Despite of my terror, I had a new mantra. I had to feel the fear, but do it anyway. I may be more of a scared-y cat than the average Josephine, but that’s just my ticket in life. What matters is what I do with it. So, with tears streaming down my face, I took a giant leap into the deep, dark, terrifying, blue sea and allowed myself to sink to the bottom. I’d love to be able to say that from the second I went under all my fears floated away, but that wasn’t true. The entire dive was a battle against my mind telling me to swim with all my might back to the surface. If there were fish down there, I don’t remember seeing them. I think there may have been some rocks.

We did a second dive that day, which thankfully I managed fairly well. For this one I do remember seeing a few fish. The 45 minutes flew by quickly, but each time we surfaced I prayed to Buddha, God, Allah, anyone who would listen that I was very thankfully to have made it back alive, with all my toes attached. I suspected I had passed the worst of my fears, and that tomorrow our next two dives would be a breeze. Unfortunately, I was wrong.

By now I was used to not sleeping. I listened to the lizards and geckos running through the trees, read my book, and waited for the sun to rise. I have never been more acutely aware of just how many hours there are in the night. By the next morning’s dive I was in full panic mode. Sitting on the deck of the boat, I couldn’t breathe and had tears streaming down my face. I don’t know how I managed to battle past these fears of my mine, but behind the tears was a face of pure determination. Again, through my teary mask I leaped off the boat. With each dive we had to complete a number of challenges as part of our training. On our third dive we had to do the full mask removal on the ocean floor. This was my least favourite challenge by far. I would much rather take out my regulator and find it again than take off my mask under 12 metres of water. Despite being able to breathe while the mask is taken off, the water forces itself up your nose and you feel like you’re drowning. I made a complete spectacle of myself during the mask removal, but I did manage to do it without drowning.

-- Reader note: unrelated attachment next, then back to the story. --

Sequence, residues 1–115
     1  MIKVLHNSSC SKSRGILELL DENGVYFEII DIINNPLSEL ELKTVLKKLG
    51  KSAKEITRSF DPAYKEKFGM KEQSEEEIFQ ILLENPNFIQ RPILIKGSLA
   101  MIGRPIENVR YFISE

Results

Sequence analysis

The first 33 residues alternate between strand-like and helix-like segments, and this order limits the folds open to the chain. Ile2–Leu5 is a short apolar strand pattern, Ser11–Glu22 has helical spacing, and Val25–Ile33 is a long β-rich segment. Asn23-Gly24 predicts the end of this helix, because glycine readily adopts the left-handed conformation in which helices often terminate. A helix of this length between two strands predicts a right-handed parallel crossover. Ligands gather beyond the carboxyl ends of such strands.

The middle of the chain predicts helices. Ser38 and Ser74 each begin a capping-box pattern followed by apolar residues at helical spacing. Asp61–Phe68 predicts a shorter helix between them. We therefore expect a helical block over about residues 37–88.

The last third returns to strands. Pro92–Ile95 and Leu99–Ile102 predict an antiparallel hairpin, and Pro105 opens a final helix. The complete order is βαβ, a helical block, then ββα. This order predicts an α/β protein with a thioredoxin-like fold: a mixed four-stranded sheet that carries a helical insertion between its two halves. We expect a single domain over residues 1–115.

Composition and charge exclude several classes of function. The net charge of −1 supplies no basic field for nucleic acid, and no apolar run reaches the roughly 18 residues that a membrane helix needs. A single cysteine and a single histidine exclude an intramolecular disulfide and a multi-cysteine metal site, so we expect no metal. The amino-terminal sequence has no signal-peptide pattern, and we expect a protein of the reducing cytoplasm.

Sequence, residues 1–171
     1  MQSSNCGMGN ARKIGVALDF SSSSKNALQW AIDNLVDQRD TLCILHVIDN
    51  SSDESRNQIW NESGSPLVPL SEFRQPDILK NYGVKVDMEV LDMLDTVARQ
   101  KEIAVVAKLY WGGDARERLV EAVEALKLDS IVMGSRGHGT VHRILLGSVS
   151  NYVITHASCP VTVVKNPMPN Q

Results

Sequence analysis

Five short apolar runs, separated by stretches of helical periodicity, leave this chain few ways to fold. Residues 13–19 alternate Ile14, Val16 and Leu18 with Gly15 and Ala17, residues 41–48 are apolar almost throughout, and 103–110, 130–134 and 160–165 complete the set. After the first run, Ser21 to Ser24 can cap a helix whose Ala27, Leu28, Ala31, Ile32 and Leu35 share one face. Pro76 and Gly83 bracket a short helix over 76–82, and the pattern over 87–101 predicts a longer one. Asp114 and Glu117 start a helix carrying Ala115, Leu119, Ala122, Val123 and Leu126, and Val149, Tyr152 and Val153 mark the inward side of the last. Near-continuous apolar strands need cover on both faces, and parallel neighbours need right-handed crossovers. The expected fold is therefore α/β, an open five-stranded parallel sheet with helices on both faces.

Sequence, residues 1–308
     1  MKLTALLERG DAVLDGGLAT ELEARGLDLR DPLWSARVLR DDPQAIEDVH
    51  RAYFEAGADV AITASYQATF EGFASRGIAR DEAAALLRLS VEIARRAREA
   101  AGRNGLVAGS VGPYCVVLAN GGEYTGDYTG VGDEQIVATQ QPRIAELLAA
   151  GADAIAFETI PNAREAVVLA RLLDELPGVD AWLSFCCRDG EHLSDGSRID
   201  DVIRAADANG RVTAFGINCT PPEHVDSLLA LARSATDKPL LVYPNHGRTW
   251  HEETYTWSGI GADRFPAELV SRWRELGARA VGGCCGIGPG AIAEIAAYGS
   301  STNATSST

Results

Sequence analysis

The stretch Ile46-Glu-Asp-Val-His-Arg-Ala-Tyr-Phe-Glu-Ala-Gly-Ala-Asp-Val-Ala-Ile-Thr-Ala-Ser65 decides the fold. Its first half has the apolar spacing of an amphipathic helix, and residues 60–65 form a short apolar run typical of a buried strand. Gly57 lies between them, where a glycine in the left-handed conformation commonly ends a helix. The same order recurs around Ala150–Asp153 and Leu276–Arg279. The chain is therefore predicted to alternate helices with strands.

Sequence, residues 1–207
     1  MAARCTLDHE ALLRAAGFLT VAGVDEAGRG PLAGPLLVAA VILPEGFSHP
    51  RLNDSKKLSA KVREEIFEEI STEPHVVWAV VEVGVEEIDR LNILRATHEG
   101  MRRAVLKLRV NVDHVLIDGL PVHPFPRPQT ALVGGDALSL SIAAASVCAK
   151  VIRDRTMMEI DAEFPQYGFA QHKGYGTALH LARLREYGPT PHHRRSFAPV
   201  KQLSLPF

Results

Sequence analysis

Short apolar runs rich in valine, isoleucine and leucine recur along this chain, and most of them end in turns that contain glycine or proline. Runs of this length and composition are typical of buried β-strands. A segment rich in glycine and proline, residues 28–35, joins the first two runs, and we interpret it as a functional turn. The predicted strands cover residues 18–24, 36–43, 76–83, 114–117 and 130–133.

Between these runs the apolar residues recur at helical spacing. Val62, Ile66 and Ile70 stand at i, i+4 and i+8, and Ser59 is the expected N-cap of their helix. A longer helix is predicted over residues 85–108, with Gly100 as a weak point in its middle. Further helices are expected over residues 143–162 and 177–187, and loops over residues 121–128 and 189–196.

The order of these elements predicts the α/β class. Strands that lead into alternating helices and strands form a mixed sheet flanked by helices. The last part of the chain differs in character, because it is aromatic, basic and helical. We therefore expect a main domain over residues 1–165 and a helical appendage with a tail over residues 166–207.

Our final dive was our “fun” dive. We had no new training to do and no tasks. It was the culmination of everything we had learnt. I had grown to enjoy the initial descent, as you watch the water rise on your mask and before you know it you’re looking up at the underside of the ocean surface. I was also now looking at fish and could somewhat enjoy what I was looking at.

I’m not a natural underwater, but the diving course has changed me. I now look out at the infinite sea and I wonder what’s below and I can see the coral and fish waiting for me on the bottom. I have also confirmed that absolutely anyone is capable of diving. I will probably cry next time I go diving, but I’m still going to do it. 

Just imagine if you were scared of something so much it bought you to tears, would you still do it?

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This post first appeared on Backpacking Kiwis and has been republished with permission. All images are authors own. (Pst, we particularly love Nicola's travel vids, if you're looking from adventure check them out)

Nicola Neilson

Nicola is a self-proclaimed scared-y cat, who loves to push the limits. She loves to write about her experiences, despite the sweaty palms and horror stricken facials she has to endure to get them. She enjoys exploring the outdoors and maximizing her time on this blue speck of dust in the greater universe. Find her at